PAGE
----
Why Spray Foam?

Many of us know that insulation is a major component for keeping your building cool during the summer and warm during the winter. There are many different types of insulation but why is spray foam the preferred?



Batt Insulation – is probably the most common and most familiar to most people. Batt insulation is best used in wall assemblies and can come with or without an attached vapor barrier (also known as faced and un-faced insulation). The vapor barrier not only allows for vapor control but allows for the placement of the product much easier. It is important to know whether the vapor barrier is not only needed but required by code, or in some cases require to not be installed. This will depend on your climate and the permeability rating of the other materials in the wall assembly.

Blown-in Insulation – Is typically used in vented attics placed on top side of the ceiling finish. Blown-in insulation is easy to install but tends to settle over time allowing trapped air to escape and reducing its R-value (unit of thermal resistance).

Spray Foam Insulation – Is far superior to the more traditional systems but can be more expensive. Using spray foam cuts down on your homes air exchanges. No home is 100% sealed because of cracks and gaps between different building materials. Air is constantly passing inside and out of your building this is what is called an air exchange. Spray foam seals these gaps because of its fluid applied and expanding nature. This air impermeability reduces the amount of air movement through your wall and ceiling assemblies by an extreme amount. Spray foam insulation, when applied directly to underside of the roof sheathing allows for attic encapsulation. Attic encapsulation eliminates the need to vent your attic and allows it to be a part of the conditioned space making the home far more energy efficient.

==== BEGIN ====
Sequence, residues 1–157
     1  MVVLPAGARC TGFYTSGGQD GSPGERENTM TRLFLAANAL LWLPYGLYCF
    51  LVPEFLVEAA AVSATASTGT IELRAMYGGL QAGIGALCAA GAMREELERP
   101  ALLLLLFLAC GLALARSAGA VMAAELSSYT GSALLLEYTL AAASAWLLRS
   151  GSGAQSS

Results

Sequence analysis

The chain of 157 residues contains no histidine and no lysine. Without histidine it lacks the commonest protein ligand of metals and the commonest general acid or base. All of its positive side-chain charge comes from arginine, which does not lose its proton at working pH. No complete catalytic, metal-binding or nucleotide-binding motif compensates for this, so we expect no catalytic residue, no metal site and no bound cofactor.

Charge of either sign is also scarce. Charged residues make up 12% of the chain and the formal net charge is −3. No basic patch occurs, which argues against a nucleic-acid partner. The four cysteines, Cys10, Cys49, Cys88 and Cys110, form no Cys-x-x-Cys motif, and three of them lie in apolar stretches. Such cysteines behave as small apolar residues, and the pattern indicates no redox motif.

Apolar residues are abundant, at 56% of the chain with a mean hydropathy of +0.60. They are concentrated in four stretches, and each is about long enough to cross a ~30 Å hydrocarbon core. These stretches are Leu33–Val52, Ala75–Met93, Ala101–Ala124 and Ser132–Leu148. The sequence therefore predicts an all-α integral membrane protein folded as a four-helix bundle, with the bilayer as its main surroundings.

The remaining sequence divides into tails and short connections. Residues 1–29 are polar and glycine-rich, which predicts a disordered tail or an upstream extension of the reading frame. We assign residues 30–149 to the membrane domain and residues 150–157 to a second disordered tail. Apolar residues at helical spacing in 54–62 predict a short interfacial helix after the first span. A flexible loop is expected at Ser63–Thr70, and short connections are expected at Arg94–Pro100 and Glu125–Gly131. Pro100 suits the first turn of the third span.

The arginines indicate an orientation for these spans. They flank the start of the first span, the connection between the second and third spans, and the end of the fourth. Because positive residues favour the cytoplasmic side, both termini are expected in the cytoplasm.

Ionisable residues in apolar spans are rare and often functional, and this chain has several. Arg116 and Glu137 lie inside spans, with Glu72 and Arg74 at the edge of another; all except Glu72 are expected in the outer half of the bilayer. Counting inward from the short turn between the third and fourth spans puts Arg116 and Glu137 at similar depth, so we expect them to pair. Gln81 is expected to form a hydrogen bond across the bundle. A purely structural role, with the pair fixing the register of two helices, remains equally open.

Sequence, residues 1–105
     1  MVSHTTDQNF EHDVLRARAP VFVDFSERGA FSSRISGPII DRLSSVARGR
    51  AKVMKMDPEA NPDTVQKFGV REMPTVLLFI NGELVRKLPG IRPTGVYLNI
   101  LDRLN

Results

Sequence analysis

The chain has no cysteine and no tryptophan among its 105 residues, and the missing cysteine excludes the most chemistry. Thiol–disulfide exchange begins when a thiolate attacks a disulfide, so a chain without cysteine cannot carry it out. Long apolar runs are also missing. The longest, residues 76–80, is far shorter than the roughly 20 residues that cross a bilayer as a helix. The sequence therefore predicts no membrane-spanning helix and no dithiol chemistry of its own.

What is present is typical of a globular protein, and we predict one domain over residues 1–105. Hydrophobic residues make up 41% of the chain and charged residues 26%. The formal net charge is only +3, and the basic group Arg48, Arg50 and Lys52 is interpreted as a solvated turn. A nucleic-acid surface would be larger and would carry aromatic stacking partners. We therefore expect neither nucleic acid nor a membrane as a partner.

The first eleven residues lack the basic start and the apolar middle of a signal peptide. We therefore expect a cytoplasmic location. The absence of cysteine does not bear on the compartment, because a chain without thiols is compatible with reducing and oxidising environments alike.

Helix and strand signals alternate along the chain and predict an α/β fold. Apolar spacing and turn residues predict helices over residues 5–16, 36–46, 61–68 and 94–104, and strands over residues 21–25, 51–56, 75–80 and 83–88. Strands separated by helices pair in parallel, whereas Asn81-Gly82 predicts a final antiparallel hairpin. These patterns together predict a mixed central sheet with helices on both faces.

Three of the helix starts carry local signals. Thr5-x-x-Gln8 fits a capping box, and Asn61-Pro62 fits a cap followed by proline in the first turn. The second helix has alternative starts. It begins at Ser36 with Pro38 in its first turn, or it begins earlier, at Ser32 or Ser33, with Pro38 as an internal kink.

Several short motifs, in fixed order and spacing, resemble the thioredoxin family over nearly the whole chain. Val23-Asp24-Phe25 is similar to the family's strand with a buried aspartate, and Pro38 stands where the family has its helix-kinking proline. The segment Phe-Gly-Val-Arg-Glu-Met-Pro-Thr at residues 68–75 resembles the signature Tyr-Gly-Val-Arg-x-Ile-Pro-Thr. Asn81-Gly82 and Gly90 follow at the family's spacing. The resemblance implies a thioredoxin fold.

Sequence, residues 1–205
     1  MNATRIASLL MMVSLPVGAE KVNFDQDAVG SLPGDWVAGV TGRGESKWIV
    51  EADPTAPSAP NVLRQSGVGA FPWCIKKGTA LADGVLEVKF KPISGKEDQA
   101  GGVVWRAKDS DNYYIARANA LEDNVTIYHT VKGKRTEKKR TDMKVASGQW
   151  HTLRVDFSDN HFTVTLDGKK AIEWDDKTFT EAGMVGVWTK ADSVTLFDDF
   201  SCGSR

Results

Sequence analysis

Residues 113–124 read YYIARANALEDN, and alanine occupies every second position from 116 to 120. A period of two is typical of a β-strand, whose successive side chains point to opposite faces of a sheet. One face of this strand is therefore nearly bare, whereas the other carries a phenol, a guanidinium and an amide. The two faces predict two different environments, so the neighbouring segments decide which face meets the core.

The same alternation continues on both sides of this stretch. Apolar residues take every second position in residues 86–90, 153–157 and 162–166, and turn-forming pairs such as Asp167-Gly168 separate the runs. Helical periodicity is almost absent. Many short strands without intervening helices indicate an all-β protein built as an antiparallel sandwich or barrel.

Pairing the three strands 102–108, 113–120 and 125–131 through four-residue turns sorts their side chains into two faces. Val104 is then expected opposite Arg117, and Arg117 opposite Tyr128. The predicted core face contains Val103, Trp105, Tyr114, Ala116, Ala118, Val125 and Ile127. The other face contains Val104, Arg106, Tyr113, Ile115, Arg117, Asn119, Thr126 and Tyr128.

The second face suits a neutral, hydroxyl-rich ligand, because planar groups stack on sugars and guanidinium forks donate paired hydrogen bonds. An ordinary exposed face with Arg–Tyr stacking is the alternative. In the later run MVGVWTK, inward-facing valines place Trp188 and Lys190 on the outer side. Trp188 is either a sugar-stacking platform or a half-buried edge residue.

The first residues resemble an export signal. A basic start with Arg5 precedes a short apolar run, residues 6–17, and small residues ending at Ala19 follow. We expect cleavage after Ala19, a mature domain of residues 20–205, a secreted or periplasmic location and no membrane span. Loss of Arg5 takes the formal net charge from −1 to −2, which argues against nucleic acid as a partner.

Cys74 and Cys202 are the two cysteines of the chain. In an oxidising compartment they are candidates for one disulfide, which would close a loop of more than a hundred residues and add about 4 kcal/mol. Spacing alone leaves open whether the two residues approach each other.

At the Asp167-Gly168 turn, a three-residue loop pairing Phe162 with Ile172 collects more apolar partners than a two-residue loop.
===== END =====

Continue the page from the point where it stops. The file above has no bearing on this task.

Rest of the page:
Depending on the type of spray foam, it can be considered structural and offer structural rigidity. Spray foam, when dry, is rock solid and bonds to the materials it touches. According to some studies the lateral strength of the sprayed assembly can be triple when using closed cell foam.

Spray foam comes in two types, open cell and closed cell. Other than cost the primary differences are the r-value per inch and structural rigidity because of the amount of glue inside the products. Open cell foam is considered air impermeable after 4 inches of thickness and closed cell after 1-2 inches of thickness.

Building codes and more specifically energy codes are always changing and in most cases are getting stricter. It won’t be long before products like spray foam are the most effective way to meet the new standards. These products may cost more but they offer more sustainable energy practices.

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